The proposal follows a similar audit in Maricopa County, Arizona, conducted by a private firm called Cyber Ninjas, whose CEO had echoed Trump’s call to “#StopTheSteal” before he was hired by Senate Republicans in that state.
The Maricopa County audit, which reviewed 2 million ballots and affirmed Biden’s win in Arizona, was primarily paid for by private sources. It reportedly cost $9 million and took six months to complete.
The proposed statewide audit in Michigan would be a much larger undertaking.
It would require a hand review of 5.5 million paper ballots, election equipment, data servers and a bevy of detailed information that the state’s 1,500 local election officials would be required to provide, including a log of any companies licensed to print ballots and ballot formatting data.
Rocha estimated the 2020 Michigan election review could cost $25 million. And if approved by voters in 2022, the “forensic audit” would not begin until late that year and experts say it could take months or even years to complete.
Supporters contend it is a necessary and important process to assuage lingering doubts about election integrity.
“We have a system ripe for fraud, and we need to investigate it and see what worked and what didn’t work in the last election,” said state Rep. Steve Carra, a Three Rivers Republican and Trump-endorsed Congressional candidate.
Michigan election officials from both major political parties already conducted more than 250 local audits of the 2020 contest. A Republican-led Michigan Senate Oversight Committee spent months investigating the election but found there was no evidence of major fraud and said voters should trust the results.
Still, Trump has continued to question the results, and supporters have fought on his behalf.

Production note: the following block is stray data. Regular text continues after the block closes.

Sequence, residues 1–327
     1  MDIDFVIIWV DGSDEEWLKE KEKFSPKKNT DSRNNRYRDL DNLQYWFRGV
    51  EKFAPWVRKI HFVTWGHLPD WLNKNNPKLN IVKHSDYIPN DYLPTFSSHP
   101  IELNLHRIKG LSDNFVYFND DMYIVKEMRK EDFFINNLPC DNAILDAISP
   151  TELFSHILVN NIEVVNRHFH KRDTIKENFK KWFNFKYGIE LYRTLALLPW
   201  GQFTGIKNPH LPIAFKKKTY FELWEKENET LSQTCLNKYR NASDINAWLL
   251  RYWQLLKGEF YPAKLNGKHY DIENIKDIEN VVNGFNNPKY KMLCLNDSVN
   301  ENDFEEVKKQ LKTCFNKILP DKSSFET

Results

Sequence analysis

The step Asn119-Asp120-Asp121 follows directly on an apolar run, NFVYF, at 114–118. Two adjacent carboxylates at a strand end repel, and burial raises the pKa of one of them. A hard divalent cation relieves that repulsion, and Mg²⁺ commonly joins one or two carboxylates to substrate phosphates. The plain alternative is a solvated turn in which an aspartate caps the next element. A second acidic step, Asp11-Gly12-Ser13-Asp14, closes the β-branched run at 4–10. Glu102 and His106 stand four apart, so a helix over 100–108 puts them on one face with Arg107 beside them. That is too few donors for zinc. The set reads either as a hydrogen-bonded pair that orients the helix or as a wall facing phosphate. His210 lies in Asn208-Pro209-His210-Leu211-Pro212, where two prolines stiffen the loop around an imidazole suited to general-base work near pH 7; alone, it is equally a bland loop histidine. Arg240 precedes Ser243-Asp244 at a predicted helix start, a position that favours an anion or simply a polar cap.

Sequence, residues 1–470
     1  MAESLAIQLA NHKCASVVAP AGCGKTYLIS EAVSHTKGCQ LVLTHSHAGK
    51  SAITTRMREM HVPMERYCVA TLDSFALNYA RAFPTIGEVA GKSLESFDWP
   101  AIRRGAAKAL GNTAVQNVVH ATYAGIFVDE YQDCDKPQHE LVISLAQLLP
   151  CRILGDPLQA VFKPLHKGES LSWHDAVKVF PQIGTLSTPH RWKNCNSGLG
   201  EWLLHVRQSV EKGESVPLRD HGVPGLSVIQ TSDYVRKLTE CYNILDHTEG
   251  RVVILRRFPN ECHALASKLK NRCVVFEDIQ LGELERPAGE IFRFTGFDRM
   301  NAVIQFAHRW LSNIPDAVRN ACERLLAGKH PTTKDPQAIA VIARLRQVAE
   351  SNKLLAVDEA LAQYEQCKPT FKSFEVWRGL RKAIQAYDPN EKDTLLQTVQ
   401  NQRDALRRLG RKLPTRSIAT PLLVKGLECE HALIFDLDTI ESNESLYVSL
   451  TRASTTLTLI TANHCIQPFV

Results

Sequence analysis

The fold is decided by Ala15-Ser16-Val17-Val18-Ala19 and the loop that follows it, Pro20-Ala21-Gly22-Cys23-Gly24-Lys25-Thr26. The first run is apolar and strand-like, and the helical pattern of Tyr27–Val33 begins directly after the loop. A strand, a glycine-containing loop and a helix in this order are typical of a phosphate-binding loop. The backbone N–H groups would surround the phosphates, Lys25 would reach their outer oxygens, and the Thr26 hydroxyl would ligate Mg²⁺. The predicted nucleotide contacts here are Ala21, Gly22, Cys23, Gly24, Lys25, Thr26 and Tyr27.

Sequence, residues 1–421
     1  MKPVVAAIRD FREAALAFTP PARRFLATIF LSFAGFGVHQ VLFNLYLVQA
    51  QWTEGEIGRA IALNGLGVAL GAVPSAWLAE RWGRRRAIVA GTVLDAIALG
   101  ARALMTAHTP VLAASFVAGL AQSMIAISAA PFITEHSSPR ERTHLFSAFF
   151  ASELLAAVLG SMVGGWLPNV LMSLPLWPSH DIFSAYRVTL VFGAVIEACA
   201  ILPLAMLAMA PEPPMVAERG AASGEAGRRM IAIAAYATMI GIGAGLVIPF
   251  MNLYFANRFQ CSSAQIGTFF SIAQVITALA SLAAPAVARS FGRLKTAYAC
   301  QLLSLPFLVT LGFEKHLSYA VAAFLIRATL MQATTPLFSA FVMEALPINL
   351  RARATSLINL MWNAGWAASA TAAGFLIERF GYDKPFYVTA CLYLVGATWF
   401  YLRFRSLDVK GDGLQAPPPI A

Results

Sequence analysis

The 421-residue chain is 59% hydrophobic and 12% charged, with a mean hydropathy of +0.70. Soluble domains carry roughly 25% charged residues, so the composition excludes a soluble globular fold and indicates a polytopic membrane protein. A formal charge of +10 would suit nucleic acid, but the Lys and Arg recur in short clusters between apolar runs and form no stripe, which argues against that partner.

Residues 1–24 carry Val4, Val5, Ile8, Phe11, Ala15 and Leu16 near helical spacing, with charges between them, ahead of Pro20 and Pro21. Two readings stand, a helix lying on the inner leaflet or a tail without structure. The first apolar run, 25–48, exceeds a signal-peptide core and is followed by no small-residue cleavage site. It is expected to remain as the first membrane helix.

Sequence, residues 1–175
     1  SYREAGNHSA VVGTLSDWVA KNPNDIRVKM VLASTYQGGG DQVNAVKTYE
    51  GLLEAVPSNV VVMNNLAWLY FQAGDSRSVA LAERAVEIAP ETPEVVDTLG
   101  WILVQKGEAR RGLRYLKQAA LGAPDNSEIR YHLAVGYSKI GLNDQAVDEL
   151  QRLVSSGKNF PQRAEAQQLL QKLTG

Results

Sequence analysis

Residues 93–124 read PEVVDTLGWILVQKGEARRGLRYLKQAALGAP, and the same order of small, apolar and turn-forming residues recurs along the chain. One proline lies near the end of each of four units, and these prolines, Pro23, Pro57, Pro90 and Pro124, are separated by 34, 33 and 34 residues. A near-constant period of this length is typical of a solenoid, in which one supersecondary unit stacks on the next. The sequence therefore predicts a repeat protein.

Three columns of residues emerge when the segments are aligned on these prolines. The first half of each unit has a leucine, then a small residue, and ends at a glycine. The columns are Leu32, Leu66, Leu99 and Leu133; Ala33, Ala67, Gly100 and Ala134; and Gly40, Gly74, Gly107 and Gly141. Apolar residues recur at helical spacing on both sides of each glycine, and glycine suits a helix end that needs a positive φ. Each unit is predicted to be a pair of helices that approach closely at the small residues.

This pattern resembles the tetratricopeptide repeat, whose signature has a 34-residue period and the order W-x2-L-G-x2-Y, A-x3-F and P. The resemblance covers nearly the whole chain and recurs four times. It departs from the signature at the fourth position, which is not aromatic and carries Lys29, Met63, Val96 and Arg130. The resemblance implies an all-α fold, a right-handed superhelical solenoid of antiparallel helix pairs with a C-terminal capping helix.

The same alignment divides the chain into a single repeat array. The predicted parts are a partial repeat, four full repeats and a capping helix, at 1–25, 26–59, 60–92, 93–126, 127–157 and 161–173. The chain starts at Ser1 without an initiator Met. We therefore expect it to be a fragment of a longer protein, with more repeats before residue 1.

In addition to the proposed audit, Michigan activists are "canvassing” the state, knocking on doors to ask voters about their 2020 ballots. They're on the search for "phantom voters" or "ghost voters," organizers said in October.
The former president, meanwhile, has been working to reshape the Michigan Legislature and topple Lansing's power structure after Republican leadership refused his requests to block Electoral College certification in 2020.
Trump has already 10 candidates for the Michigan Legislature and thrown his weight behind Republican state Rep. Matt Maddock's campaign to be the next House Speaker.
Trump also endorsed 2020 election skeptics Matt DePerno for attorney general and Kristina Karamo for Secretary of State – Michigan's top election official.
Secretary of State Jocelyn Benson, a Democrat up for re-election next year, said her Bureau of Elections staff will process the audit petition in an “unbiased manner,” just as it would with any other submission.
But she panned continued critics of the 2020 election.
“Over a year into this grift, their goal is now clear,” Benson said in a statement.
“They no longer want only to change the outcome of the 2020 election, but to also undermine citizens’ faith in our democracy and dissuade them from being engaged and informed voters in future elections.”